Vesicular Stomatitis Virus Confirmed in Seven States
July 26, 2020
Vesicular Stomatitis Virus (VSV), a reportable animal disease, has been found in seven states in 2020: Arizona, Kansas, Missouri, Nebraska, New Mexico, Oklahoma, and Texas. As VSV may spread throughout the Midwest and mountain states, livestock owners, especially those with horses, should be looking for symptoms.
VSV is a viral disease that primarily affects horses, also cattle, and occasionally swine, sheep, goats, llamas, and alpacas. Although humans can become infected with the disease when handling affected animals, resulting in flu-like symptoms, this is a rare event. The main symptoms of VSV are slobbering, blisters, sores and sloughing of skin in the mouth, on the tongue, on the muzzle, inside the ears and on the coronary band above the hooves. Lameness and weight loss may also occur.
Flies and midges are the main vectors for VSV. The virus is also spread through direct contact with infected livestock and indirectly through contact with contaminated equipment and tack. Fly control, including eliminating fly breeding and hiding habitat, is the most important step in preventing the disease. Good sanitation and bio-security measures can help avoid exposure.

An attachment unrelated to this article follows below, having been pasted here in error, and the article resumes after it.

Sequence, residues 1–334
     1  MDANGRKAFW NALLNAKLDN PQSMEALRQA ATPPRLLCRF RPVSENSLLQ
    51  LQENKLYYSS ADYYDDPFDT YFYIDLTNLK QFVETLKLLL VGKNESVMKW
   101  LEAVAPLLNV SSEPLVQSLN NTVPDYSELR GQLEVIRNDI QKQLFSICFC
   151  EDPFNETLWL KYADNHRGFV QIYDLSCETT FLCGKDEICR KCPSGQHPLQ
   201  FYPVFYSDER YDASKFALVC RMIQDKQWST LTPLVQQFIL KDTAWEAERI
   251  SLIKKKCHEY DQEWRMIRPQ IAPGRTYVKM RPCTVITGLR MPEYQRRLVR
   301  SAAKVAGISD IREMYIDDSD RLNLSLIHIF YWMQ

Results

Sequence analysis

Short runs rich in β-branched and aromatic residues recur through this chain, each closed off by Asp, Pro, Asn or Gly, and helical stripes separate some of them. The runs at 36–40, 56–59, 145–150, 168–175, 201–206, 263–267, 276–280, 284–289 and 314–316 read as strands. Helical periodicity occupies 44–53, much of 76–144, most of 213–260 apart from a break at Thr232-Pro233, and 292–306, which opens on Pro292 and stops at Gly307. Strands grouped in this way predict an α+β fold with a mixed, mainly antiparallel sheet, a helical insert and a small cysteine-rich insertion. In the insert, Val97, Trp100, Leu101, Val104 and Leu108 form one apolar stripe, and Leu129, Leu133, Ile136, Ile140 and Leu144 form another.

Wyoming’s previous recent outbreaks of VSV were in 2005, 2006, 2015 and 2019. Nearly all of the affected livestock during those outbreak years were pastured along drainages or had very recent history of exposure to low-lying, riparian areas. We advise livestock owners, if possible, to move their healthy animals to higher, dryer ground until the VSV insect vector season subsides. That is generally after two hard frosts.
VSV is particularly significant because it is clinically indistinguishable from foot-and-mouth disease (FMD), swine vesicular disease, and vesicular exanthema of swine, all serious foreign animal diseases (FAD). Because of similarities to these FADs, it is essential to quickly confirm a diagnosis with laboratory testing. Of the vesicular diseases, VSV is the only one that affects horses, and the presence of lesions is suggestive of VSV.
According to State Veterinarian, Dr. Jim Logan, “during years when VSV appears in states south of Wyoming in the spring and early summer, we can expect to see it here, too. Typically we see our first cases in July, so we’re hopeful it will stay south of us, but we must be vigilant and diligently monitor our livestock, especially those that have been hauled to events in affected states.”
If you suspect VSV in your animals, contact your veterinarian immediately. Vesicular Stomatitis Virus is a reportable disease that should be immediately reported to the Wyoming State Veterinarian at 307-857-4140 or to the USDA APHIS Veterinary Services’ Wyoming Office at 307-432-7960.
Source: Wyoming Livestock Board
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